Lakota Freedom Delegation says spokesman Russell Means 'hijacked' organization

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Saturday, January 5, 2008

File:Russell Means press conference.JPG
Russell Means at a press conference in Washington, D.C. on December 19, 2007.
Image: Naomi Archer.

Wikinews has learned that the Lakota Freedom Delegation, also known as Lakotah Oyate, an organization of activists fighting for the Sioux Indian Nation to withdraw all treaties with the United States, was "hijacked" by its spokesman, Russell Means, an activist for Native American Indians.

On December 19, 2007, Means and the "delegation" went to Washington, D.C. and hand-delivered a letter, signed by the Delegation, to the U.S. State Department claiming that the Lakota Indian Tribe was declaring that all treaties between the tribe and the U.S. have been withdrawn or canceled. They also held a press conference declaring their freedom.

"We are no longer citizens of the United States of America and all those who live in the five-state area that encompasses our country are free to join us. This is according to the laws of the United States, specifically article six of the constitution," said Means during the press conference.

Since then, Russell Means has gone on to announce the formation of a "provisional government" of the "Republic of Lakotah" with himself as Chief Facilitator, as well as to promote the establishment of a bank and a utility company for the country. Despite the claim Means has made, Naomi Archer, liaison of Lakotah Oyate stated to Wikinews that Means took control of the organization and hijacked it and its website on December 29. Archer also said that Lakotah Oyate or the delegation are not a government entity and do not make decisions for the Nation.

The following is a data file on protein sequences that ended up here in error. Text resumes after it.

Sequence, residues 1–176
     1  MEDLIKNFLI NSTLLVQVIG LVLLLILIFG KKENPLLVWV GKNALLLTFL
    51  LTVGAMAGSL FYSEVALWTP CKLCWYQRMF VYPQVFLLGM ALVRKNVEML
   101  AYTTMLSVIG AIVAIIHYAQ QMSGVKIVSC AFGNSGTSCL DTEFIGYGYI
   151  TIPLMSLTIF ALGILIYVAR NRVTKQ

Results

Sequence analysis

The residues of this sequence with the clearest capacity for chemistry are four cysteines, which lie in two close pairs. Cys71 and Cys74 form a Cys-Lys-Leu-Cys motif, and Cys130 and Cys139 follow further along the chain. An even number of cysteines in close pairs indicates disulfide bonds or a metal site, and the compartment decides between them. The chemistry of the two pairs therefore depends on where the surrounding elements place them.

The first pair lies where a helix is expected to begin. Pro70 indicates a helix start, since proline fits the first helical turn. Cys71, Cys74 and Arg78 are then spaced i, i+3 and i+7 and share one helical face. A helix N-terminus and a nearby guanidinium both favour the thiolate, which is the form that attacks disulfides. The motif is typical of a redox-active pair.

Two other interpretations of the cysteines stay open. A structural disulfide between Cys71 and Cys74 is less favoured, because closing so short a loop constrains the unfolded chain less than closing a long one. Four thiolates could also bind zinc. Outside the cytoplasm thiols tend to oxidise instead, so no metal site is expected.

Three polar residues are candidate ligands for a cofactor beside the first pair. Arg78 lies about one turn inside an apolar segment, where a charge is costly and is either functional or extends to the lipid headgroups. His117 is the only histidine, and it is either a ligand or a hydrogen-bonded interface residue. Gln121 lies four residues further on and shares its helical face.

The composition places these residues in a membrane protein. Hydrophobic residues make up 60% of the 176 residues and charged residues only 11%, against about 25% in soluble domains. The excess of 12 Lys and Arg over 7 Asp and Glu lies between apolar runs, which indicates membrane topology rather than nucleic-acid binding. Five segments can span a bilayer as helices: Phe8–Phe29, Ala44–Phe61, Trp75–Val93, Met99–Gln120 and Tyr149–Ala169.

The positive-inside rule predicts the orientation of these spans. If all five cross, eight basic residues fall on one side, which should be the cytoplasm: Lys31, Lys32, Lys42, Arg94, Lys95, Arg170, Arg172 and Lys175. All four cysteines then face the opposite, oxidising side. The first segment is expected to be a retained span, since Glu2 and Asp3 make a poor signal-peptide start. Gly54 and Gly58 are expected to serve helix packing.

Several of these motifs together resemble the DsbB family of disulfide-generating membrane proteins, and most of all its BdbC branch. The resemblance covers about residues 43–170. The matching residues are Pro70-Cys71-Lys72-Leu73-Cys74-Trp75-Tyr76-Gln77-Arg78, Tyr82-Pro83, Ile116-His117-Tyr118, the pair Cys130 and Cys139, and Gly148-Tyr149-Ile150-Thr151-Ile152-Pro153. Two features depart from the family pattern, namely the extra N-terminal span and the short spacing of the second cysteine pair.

"The legitimate actions of the Lakota people are not determined by one person [Russell Means] or even one group, but by the [Lakota] people themselves," added Archer.

Logo of the Republic of Lakotah.
Image: Republic of Lakotah.

Other signers of the withdrawal letter are all still involved in the movement, including Canupa Gluha Mani who heads the Strong Heart Warrior Society which will "probably become the paramilitary force" of Lakotah, said Archer. Wikinews asked Archer if Means would still be involved in the movement, but she refused to comment.

The Bank of Lakotah and Provisional Government of Lakota are not supported by Lakotah Oyate; Means is acting without having consulted the other elders of Lakotah; Means is himself, at age 69 [sic], an elder, and "people need their elders to set better examples than that," said Archer.

Map of the 1868 Treaty of Fort Laramie. Gold area: Lakota Nation Reserved by the 1868 Treaty for the unreserved use of the Lakota people. Orange: 1876 Lakota reservation after the US seized the Black Hills. Maroon: Lakota reservations after 100 years of court actions.
Image: Republic of Lakotah.

While the idea of establishing a power company, bank, and other such institutions was an idea that had come from Means and the rest of Lakotah Freedom Delegation knew that he was going off to Washington D.C. on his own to conduct negotiations, they did not know what the negotiations were going to be regarding. Lakotah Oyate hopes that this dispute will be resolved in a few weeks because this "all has to be about the people".

Since the Delegation's press conference, the Rosebud Sioux Tribe and the Cheyenne River Reservation have rejected Means's and the delegation's declaration of secession.

"They're individuals acting on their own. They did not come to the Rosebud Sioux tribal council or our government in any way to get our support and we do not support what they've done. We do not support what Means and his group are doing and they don't have any support from any tribal government I know of. They don't speak for us," said Rosebud Sioux Tribe president, Rodney Bordeaux.

Despite those rejections, Archer said that the Pine Ridge Reservation's council may "consider the proposal." A representative for the Standing Rock Reservation's council has said that that reservation is also considering Lakotah Oyate's proposal. Lakotah Oyate have also been holding discussions with "about 150" other indigenous organizations in the U.S. and mentioned particularly the Native Hawaiians.


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